Agreeably to the plan proposed in the first lecture, I shall now take occasion, first to appreciate the provisions of our Church, in a point on which we differ from many other professors of Christianity; and then, to suggest the proper influence of the spirit of prayer, on the heart and on the life.
The point alluded to under the first head, is the question of praying with a form. There is designed, not a full discussion of the subject, which will occur again in another lecture; but only to show the bear. ing on it of the prayer before us.
It has been contended, even by the more moderate opponents of forms of prayer, that the present was enjoined, not as a form, but only as a pattern.
And the plea is rested on the expression in St. Matthew" After this manner pray ye." It is not denied in opposition to us, that St. Luke has it"When ye pray, say:" the words to be said following immediately. And as for the place in the other evangelist, the word translated "in this manner,"* may well be rendered "thus," as appears in a passage not far before. The passage now referred to, is in the fifth and sixth verses of the second chapter of the same gospel. It there appears, that Herod having asked of the chief priests and scribes-" Where Christ should be born;" he received for answer, "In Bethelem of Judah; for thus it is written by the prophet; and thou Bethelem, in the land of Judah, art not the least of the princes of Judah." They therefore answered him that the prophet had written" Thus," or "in these words:" And if the principle of interpretation be applied to the place in question, it will be-" Pray ye thus," or in these words. [See Dissertation VI.J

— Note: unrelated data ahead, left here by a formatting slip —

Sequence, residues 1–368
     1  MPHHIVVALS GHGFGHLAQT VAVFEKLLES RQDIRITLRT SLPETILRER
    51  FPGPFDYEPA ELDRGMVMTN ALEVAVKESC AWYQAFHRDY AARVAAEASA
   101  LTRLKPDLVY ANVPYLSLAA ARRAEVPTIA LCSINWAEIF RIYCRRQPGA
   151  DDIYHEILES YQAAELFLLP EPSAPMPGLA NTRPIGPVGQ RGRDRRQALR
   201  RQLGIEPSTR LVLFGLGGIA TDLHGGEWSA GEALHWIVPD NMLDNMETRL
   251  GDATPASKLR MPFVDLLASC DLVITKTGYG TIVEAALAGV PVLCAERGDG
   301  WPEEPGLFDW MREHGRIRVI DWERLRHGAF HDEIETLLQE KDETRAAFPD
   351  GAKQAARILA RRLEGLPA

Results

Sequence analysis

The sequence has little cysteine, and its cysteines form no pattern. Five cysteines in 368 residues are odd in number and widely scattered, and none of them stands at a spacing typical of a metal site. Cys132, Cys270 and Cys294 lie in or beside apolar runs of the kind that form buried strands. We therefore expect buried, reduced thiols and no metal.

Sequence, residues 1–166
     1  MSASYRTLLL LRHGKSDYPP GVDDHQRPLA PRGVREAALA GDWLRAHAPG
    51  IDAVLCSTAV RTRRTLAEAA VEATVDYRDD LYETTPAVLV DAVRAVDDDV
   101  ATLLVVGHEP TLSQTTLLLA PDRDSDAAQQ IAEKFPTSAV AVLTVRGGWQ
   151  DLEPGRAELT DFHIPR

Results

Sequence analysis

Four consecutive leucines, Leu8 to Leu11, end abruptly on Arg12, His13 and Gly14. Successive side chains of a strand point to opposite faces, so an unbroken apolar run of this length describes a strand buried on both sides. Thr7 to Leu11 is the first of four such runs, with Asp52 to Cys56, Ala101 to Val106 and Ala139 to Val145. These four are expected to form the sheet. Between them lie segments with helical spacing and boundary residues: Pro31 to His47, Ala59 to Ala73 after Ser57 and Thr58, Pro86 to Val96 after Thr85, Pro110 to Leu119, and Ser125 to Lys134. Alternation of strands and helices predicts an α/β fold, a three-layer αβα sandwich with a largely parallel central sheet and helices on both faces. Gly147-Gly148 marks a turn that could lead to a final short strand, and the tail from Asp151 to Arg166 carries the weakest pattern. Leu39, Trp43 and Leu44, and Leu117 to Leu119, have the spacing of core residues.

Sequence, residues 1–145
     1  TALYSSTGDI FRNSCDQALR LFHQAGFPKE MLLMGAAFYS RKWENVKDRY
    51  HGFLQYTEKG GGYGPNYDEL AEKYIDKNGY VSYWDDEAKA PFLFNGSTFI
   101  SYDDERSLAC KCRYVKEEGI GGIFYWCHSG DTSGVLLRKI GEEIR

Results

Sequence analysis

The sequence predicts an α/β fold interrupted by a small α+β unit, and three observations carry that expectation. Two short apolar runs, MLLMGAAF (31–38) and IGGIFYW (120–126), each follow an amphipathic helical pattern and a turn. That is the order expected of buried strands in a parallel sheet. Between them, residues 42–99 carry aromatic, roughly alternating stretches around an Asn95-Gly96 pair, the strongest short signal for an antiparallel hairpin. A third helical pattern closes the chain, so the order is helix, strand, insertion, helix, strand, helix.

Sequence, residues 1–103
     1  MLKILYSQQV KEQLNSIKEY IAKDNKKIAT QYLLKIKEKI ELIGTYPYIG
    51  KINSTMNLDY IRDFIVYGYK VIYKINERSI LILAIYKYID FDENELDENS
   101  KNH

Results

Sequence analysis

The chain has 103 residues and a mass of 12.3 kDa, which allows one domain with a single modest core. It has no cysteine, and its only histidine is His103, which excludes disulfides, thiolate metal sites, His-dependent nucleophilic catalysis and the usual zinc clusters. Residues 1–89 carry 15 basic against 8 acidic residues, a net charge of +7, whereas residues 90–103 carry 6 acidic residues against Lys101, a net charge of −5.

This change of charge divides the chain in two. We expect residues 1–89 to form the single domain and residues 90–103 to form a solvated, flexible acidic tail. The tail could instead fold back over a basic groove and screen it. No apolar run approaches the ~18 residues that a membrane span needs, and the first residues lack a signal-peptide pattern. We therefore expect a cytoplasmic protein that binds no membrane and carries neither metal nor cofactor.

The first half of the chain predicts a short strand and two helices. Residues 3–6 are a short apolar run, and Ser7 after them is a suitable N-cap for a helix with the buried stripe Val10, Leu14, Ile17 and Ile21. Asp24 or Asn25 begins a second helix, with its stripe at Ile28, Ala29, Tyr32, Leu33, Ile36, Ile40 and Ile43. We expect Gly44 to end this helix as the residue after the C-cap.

But I hasten to the other matter proposed-The proper influence of the spirit of prayer, on the heart and on the life. The test to which it is wished to refer this part of the subject, is the very prayer which has been before us; considered as embrac ing petition, confession, praise, and intercession.
That we should be in the practice of petitioning our heavenly father, for what we know to be needful to our souls and to our bodies-and that we should do this daily, as appears from the very letter of the prayer, to have been intended-and yet, that so holy an exercise should not sustain the recollection of his will, as the rule of conduct, and of his omniscience, as bringing it always under observation; is as glaring an inconsistency as can be imagined.!
Confession, if it issue from a corresponding state of mind, breathes the spirit of sorrow and self
dissatisfaction: And therefore, whether it relate to such sins as may have been the results of the ordinary frailties of nature, and from the not having maintained sufficient vigilance over their operations; or to such sins as are more flagrant offences either against God or against our neighbour; sensibility to the penalty which has been sustained, cannot but produce an hatred of and a guarding against the cause of it.